This fall, Camden’s wastewater-treatment facility will be heated by sewage.
Up to 150 million gallons of sewage are pumped from around the county into the treatment facility in Camden’s Waterfront South neighborhood every day.
It travels through pipes buried 15 to 20 feet underground, so it stays warm during the winter.
Andy Kricun, executive director of the Camden County Municipal Utilities Authority, said a pilot geothermal project will put that heat to use.
“The idea is to convey the sewage through a heat exchanger to take advantage of the latent heat,” Kricun said. “And then use that in lieu of a boiler to reduce dependence on natural gas or fuel oil.”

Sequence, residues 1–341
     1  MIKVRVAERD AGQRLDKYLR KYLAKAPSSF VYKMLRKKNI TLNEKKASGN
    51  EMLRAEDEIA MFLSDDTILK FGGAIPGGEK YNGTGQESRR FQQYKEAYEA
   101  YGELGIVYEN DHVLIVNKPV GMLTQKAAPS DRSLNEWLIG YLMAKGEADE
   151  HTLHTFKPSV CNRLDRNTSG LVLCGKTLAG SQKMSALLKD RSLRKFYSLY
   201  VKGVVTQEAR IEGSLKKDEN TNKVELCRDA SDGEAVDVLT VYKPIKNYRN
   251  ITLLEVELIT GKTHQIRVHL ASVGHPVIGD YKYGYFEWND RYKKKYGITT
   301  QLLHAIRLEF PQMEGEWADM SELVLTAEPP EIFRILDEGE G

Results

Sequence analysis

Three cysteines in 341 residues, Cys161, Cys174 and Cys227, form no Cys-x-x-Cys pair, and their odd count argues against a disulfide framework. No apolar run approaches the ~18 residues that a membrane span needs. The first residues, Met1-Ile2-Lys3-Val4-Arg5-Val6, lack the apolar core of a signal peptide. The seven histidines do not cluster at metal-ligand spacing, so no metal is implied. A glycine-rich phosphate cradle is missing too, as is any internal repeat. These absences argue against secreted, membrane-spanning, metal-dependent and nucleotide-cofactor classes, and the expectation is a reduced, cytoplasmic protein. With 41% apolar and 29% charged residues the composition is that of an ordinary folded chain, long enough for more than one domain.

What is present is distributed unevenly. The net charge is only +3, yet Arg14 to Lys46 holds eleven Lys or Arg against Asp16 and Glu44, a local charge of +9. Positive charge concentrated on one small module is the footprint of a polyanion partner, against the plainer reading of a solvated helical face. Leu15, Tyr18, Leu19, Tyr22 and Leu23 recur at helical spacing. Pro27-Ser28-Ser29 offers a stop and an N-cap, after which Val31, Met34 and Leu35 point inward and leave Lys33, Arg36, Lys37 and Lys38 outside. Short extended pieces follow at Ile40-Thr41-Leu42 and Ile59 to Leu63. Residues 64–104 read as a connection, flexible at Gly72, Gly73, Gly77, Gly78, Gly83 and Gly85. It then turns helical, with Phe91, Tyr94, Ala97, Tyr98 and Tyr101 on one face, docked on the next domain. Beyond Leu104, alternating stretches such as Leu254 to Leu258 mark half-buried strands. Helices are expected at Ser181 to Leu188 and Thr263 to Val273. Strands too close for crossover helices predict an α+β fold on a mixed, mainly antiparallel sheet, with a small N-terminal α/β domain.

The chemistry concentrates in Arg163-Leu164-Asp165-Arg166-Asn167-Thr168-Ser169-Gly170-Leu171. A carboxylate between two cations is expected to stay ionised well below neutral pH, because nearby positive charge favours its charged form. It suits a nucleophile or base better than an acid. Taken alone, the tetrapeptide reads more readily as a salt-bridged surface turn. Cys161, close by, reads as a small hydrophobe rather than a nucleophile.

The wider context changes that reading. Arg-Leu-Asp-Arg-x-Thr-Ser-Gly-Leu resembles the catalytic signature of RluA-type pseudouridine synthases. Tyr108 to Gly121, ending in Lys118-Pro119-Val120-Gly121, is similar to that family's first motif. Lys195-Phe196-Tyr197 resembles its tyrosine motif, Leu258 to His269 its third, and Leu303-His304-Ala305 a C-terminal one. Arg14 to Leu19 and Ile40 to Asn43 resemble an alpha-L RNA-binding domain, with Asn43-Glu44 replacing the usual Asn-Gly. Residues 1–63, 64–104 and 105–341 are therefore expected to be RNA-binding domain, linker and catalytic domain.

Raw sewage will be filtered to remove solid waste before it is run through a heating/ cooling loop, where a heat pump will transfer captured warmth to boilers.
Kricun said once the system is operational in late fall, he expects it to meet about 40 percent of the heating needs for the facility, saving $80,000 a year on energy costs.
Similar geothermal systems using raw sewage are in use in China, but Kricun said this is the first project of its kind in the U.S.
“That, I think, is a new twist,” said Phillip Schoen, head of a geothermal company in Oklahoma. “I think that adds some new excitement in a way that gives us another use of the technology which we haven’t done before.”
Schoen has used treated effluent to heat and cool a naval base in Virginia.
Utility PSE&G gave $1 million to launch the project.
The Camden County Municipal Utilities Authority hopes it will become a model for similar projects around the country.